- When you do the work of a scientist who addresses fear in an unbiased way and accepts the outcomes, you are contributing to your value-based living. You value your quality of life. You value your recovery. You value your wellbeing. Therefore, you do the hard things and accept the uncertainty.
This week, I would like you to start being more vigilant about addressing fear like a scientist. I invite you to test hypotheses in a rational, non-biased, and reality-based way. I know this is hard, but I have said it once and I will say it again. IT IS A BEAUTIFUL DAY TO DO HARD THINGS!
Before we go, CBT School is thrilled to share that our lovely friend Stuart Ralph is offering The OCD Summit, which is an online summit specifically for OCD therapists. In this 6-week webinar series, Stuart Ralph—host of The OCD Stories podcast—will interview some incredible clinicians and scientists in the OCD field with an audience made up of therapists. Kimberley is honored to be selected as one of the panelists for this exciting event. Registration will include 6 topics curated for your continued development as an OCD therapist, where you can ask questions and network with other therapists in the private FB group community. Click HERE to join.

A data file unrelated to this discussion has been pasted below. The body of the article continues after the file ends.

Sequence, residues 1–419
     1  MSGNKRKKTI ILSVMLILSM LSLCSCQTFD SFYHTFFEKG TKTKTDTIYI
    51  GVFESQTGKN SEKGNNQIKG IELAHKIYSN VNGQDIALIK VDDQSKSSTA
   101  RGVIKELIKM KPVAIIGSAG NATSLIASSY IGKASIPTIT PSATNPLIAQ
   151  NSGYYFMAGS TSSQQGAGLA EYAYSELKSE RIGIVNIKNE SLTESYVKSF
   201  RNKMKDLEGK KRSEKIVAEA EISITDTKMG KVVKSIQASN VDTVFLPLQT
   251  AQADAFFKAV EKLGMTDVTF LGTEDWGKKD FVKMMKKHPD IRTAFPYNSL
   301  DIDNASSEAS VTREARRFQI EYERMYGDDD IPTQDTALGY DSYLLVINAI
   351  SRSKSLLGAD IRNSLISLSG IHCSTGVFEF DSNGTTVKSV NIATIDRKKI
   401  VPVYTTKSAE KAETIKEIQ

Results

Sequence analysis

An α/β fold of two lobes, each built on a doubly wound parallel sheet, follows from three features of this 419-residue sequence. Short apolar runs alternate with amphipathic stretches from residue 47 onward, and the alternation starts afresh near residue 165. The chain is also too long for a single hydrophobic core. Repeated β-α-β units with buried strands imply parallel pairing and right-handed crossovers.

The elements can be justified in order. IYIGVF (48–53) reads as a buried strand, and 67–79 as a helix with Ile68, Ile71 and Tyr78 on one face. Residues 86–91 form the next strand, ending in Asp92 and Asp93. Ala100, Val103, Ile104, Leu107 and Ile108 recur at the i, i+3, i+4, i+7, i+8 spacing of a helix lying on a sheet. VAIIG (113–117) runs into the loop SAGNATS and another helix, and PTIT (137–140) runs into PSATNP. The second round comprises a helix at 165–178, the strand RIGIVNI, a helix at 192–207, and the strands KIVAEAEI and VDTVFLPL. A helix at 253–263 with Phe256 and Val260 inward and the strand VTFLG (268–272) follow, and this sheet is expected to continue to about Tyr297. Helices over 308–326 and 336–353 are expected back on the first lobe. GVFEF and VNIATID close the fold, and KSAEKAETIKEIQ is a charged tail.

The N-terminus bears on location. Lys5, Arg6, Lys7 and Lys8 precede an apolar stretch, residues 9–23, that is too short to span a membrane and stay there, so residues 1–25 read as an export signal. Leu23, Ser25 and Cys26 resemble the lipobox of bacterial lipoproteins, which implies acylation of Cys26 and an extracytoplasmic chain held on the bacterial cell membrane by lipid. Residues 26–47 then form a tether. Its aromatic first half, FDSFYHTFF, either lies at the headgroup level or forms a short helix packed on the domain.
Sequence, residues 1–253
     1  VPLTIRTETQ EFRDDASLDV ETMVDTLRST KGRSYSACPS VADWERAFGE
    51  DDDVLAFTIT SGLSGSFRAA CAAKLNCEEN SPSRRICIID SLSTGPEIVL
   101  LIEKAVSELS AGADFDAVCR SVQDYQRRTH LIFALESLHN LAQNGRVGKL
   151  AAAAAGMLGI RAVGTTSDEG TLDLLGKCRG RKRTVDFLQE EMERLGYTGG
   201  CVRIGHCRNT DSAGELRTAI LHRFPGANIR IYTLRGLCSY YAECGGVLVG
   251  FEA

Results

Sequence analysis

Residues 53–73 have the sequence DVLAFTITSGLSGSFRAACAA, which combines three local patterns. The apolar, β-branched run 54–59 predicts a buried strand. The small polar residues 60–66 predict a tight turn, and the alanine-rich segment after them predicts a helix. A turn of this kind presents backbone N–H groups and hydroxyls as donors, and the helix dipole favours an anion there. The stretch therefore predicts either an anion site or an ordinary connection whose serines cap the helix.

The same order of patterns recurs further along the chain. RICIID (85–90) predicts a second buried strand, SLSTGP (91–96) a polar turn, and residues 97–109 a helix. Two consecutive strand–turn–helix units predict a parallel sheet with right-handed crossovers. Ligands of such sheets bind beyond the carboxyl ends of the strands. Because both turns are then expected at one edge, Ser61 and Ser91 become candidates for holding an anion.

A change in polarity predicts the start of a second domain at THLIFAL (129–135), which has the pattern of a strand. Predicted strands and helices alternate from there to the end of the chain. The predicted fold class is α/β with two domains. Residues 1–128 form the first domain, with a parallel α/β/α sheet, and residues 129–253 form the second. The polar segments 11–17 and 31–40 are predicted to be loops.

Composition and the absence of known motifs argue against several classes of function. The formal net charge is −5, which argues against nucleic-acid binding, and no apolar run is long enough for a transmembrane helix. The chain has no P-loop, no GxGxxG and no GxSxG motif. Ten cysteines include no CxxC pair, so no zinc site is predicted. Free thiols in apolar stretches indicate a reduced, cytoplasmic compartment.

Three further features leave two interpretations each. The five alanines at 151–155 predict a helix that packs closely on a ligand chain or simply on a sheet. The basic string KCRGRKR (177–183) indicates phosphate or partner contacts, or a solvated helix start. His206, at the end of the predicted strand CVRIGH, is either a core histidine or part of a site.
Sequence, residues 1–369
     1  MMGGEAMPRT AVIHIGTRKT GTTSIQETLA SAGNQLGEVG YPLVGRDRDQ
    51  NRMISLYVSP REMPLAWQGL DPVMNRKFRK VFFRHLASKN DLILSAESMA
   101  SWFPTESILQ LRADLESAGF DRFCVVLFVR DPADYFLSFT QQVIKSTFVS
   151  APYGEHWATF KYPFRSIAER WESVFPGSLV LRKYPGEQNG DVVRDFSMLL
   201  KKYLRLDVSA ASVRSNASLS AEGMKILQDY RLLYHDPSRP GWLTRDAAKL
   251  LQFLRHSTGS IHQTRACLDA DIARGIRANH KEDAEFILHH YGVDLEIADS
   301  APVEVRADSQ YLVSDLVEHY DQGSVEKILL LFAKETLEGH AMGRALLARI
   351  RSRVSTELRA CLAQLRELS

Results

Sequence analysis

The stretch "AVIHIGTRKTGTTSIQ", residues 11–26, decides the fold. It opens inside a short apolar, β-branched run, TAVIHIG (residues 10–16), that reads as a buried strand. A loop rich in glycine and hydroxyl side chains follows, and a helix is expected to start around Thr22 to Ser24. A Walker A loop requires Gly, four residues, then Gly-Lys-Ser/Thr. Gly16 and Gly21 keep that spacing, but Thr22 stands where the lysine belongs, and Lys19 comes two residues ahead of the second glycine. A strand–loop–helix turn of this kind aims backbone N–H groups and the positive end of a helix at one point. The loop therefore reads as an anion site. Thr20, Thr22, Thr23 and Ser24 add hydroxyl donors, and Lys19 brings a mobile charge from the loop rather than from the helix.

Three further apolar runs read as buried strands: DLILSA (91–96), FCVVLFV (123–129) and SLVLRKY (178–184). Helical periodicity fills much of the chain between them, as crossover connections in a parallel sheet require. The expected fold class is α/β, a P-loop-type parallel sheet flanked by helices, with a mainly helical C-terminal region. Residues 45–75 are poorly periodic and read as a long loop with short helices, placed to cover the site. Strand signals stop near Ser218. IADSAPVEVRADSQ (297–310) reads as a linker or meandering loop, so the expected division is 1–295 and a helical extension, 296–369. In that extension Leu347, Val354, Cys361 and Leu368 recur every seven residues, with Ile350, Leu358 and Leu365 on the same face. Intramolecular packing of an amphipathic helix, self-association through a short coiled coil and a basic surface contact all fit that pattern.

Lastly, ERP School is HERE and available for purchase for 5 more days! YAY!! Exposure and Respond Prevention School (ERP SCHOOL) is an online course for people who do not have access to a therapist who practices science-based skills and ERP for Obsessive Compulsive Disorder (OCD). It is only available for purchase from September 6th, 2018-September 20th, 2018.
About Kimberley Quinlan
Kimberley Quinlan is a Licensed Marriage and Family Therapist who specializes in Anxiety, Obsessive Compulsive Disorder (OCD), Eating Disorders, Panic Disorder and Body Focused Repetitive Behaviors (BFRB’s). Kimberley is highly trained in Cognitive-Behavioral Therapy (CBT), with a heavy emphasis on Exposure Response Prevention (ERP), and has been practicing meditation and mindfulness for many years. Kimberley has a special interest in the integration of mindfulness principles with CBT for OCD, Anxiety Disorders, and Eating Disorders. Kimberley has experience treating adults, adolescents, and children, and tailors each program to suit the age and cognitive development of each client. Kimberley has a private practice in Calabasas and Westlake Village.